Malaysia’s Stolen Democracy: Local Government – Analysis


As a federation of states, Malaysia has three distinct tiers of government. At the time of the Malay state federation, and after the formation of Malaysia in 1963, with Sabah and Sarawak, all three levels of government were subject to democratic elections. However, elections for local government were “temporarily” suspended back in 1965, on the pretext of the Indonesian Confrontation, under emergency law. Section 15 of the Local Government Act 1976 made the suspension of local elections permanent, with the federal government increasing its influence and control over local government through various pieces of legislation. 

Local government in Malaysia consists of various organizational units, including city councils covering urban areas with over 500,000 people, municipal councils covering other urban areas, and rural district councils. Councils and mayors are appointed by state governments for two-year terms. Federal territory councils are corporations under the control of the ministry of federal territories. Federal and state civil servants are appointed to councils in middle and senior positions. 

The prime responsibilities of local government include budgeting, formulation of by-laws, business and premises licensing, restaurant and hawkers licensing, project and building approvals, road and sidewalk maintenance, public parks, street lighting, waste collection, collection of rates assessment, tree maintenance, town signage, environmental enforcement, traffic control, public amenities, public health, dog licensing, and social and welfare related programs. Total local government expenditure represents around four percent of aggregate government expenditure, where state and federal governments provide approximately ten percent of local government revenue. 

Over the last 60 years, the federal government has gradually increased its influence over the local government sector. In 1960 a constitutional amendment was made to form the National Council for Local Government, made up of the federal minister for local government as chair, one representative from each state, and 10 other federal representatives. A succession of pieces of legislation including the Local Government Act 1976, and the Town and Country Planning Act 1976, further eroded local government autonomy. The temporary suspension of local council elections was made permanent, under section 15 of the Local Government Act 1976.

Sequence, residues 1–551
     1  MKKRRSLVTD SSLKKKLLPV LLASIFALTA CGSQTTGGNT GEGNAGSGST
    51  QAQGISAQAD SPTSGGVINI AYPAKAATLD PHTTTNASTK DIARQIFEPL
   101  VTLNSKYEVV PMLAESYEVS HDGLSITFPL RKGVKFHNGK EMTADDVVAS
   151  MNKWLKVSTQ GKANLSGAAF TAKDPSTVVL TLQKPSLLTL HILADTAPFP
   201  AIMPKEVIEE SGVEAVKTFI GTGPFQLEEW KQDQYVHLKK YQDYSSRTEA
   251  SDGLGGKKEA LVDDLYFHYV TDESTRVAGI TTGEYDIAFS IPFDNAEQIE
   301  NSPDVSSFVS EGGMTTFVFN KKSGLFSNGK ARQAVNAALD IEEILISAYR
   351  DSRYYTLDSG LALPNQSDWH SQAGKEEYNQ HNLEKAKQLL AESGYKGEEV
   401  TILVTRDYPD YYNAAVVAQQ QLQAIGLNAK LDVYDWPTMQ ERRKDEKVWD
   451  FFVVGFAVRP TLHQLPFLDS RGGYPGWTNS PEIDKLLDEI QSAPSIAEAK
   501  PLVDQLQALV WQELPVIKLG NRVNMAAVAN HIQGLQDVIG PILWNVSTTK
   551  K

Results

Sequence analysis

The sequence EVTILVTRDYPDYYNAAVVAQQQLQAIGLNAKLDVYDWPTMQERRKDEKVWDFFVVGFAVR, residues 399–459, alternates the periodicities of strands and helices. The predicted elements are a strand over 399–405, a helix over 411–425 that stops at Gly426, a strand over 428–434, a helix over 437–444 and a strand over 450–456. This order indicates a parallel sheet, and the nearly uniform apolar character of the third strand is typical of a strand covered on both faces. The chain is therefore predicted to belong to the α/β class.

The suspension of local government elections did not go unchallenged. In 1968, a Royal Commission into local government, known as the Nahappen Report, recommended the resumption of local elections, but this was ignored by the government at the time. In 1971, a report from within the Prime minister’s Office recommended the resumption of local government elections, but this was rejected by then prime minister Abdul Razak Hussein as ‘over democratizing’ local government. The Democratic Action Party (DAP) led state government in Penang had local elections on their agenda, enacting the Local Government Elections (Penang Island and Province Wellesley) Enactment 2012. The Penang government then challenged the then federal government’s refusal to allow local government elections in the Federal Court. However, the court found that the Penang State Government had exceeded its jurisdiction by unilaterally exempting Penang state from section 15 of the Local Government Act 1976, which prohibits state legislatures from holding local government elections. 

Although the Pakatan Harapan (PH) government had a policy of democratizing the processes of local government, it did little to secure local elections during its short 20 month tenure of government. Ex-Party Keadilan Rakyat (PKR) housing and local government minister under PH, who is now a member of Party Pribumi Bersatu Malaysia, or Bersatu, Zuraidah Kamaruddin, who is a staunch supporter of local government elections, ruled out any local elections under a Muhyiddin government, due to objections from several UMNO ministers within cabinet.